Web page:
Guidelines for Brief Proposal

Authors/editors should submit a brief proposal for feedback from the Series Editors before developing a full proposal. The two- to four-page brief proposal should include:

  • the book concept,
  • its potential contribution to practice and literature,
  • its appropriateness for the Center for Engaged Learning Open Access Book Series,
  • an indication of the anticipated format (e.g., authored book or edited collection, estimated number of chapters, and organizational structure),
  • brief information about the relevant qualifications of the authors/editors, and
  • a preliminary plan to promote the book at conferences, etc.

Series Audience

Authors/editors should “translate” their research/theories for broad audiences in higher education, including faculty, staff, faculty developers, students, administrators, and policy makers. Therefore, authors/editors should speak to the scholarship’s implications for higher education, including effective practices for teaching, curriculum design, and/or educational policies.

Expectations for Promoting Series Books

The Series Editors will collaborate with authors/editors to promote each book on the Center for Engaged Learning’s website, through social media, and by targeting conference sessions near publication dates.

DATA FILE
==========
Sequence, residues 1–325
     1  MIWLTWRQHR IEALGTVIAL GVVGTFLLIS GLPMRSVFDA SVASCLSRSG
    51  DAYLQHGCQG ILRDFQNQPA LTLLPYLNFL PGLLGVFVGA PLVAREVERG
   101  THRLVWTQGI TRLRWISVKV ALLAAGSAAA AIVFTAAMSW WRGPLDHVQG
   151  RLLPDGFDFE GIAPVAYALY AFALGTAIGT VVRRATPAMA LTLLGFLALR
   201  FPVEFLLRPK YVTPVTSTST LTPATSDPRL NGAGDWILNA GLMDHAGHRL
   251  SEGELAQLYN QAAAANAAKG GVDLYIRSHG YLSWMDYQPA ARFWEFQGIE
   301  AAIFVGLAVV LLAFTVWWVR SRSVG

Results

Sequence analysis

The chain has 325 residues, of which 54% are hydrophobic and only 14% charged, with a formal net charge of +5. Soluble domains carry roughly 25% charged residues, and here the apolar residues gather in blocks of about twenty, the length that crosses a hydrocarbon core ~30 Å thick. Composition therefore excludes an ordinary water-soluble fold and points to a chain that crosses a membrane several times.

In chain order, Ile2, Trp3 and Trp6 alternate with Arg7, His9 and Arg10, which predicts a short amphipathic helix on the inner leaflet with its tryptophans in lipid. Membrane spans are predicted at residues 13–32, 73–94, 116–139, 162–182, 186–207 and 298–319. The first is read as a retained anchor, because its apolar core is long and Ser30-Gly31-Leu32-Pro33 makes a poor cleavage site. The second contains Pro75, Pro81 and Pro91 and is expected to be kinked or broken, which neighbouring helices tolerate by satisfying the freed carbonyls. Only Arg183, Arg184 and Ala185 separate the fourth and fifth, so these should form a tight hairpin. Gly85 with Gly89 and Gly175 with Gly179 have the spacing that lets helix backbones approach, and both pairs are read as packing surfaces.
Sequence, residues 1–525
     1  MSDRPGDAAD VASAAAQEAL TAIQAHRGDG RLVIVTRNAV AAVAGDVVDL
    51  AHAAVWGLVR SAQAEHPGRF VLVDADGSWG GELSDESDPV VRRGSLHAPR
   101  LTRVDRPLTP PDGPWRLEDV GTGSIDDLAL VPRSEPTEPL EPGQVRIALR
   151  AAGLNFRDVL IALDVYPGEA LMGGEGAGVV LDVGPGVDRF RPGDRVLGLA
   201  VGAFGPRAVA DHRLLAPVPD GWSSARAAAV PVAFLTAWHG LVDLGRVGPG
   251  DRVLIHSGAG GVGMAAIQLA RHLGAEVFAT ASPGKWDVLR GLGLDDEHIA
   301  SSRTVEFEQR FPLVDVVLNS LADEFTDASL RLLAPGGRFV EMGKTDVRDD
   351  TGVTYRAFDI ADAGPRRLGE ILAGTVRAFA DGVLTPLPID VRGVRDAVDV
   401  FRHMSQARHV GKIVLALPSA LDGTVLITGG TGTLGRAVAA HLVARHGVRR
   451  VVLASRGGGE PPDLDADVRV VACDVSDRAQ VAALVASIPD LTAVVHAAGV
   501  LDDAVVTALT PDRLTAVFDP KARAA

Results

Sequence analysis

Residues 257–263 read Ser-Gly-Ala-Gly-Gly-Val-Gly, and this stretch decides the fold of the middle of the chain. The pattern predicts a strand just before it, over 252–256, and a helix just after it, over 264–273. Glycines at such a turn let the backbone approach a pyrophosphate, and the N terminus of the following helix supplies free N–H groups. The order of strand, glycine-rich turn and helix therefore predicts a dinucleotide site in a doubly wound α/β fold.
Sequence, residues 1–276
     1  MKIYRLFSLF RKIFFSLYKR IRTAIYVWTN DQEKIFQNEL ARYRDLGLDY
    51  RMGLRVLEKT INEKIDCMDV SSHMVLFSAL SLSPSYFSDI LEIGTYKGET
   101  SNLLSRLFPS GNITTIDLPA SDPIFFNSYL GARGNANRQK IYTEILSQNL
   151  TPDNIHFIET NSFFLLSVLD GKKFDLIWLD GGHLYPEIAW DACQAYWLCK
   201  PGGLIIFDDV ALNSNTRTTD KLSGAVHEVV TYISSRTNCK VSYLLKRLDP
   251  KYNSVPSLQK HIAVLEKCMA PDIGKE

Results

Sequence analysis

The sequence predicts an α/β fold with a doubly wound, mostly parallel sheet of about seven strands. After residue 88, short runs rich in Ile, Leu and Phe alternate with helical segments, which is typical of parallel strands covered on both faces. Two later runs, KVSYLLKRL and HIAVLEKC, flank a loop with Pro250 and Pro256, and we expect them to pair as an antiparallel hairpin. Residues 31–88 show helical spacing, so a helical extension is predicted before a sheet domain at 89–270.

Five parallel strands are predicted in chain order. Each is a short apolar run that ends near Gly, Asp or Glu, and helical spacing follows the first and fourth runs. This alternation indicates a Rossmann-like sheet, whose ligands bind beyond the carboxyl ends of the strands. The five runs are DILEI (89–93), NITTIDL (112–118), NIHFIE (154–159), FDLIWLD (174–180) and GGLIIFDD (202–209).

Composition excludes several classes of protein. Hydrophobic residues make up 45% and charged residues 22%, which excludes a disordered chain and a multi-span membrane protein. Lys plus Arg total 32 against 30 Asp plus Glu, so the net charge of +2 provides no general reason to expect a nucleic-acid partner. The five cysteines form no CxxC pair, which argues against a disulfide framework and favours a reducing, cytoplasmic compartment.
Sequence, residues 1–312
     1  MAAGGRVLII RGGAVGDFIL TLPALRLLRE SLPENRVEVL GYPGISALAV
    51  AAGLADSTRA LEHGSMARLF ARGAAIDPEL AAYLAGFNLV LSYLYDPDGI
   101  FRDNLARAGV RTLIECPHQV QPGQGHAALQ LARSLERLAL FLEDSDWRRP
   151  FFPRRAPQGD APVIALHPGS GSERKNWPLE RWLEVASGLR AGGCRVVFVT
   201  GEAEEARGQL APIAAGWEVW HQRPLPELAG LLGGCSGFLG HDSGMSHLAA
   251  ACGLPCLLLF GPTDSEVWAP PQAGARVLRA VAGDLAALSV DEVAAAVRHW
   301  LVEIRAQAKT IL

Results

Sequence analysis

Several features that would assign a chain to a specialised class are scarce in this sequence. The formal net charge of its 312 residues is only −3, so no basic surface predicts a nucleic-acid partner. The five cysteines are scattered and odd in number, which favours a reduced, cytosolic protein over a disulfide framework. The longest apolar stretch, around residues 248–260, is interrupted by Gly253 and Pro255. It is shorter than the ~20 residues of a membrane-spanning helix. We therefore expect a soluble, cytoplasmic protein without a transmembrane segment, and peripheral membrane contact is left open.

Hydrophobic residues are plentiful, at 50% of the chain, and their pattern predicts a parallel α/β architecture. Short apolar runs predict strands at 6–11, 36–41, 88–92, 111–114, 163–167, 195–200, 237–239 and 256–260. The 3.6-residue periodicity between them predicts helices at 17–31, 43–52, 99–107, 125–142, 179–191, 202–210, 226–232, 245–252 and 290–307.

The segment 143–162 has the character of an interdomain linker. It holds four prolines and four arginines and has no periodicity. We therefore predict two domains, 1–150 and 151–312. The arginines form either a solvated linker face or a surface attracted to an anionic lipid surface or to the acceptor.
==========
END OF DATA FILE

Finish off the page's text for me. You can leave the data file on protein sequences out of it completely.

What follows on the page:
Because supplemental resources boost book promotions, proposals for books in this series should include a preliminary list of supplemental resources (e.g., discussion questions for reading groups, videos and other multimedia resources related to the book topics, sample research materials that might otherwise appear in an appendix, etc.) that could be hosted with the book on the Center for Engaged Learning’s website (pending final review by the Center). Submitted manuscripts must include these supplemental materials. The Series Editors will share strategies for developing and curating these materials.


Please direct questions to Managing Editor,

A note about our review process: Both series editors and the managing editor review proposals and provide feedback on manuscripts under contract. We also invite feedback from members of the editorial board at strategic points in the process. When an editor or board member is directly involved with a proposed project, though, they do not participate in the review process.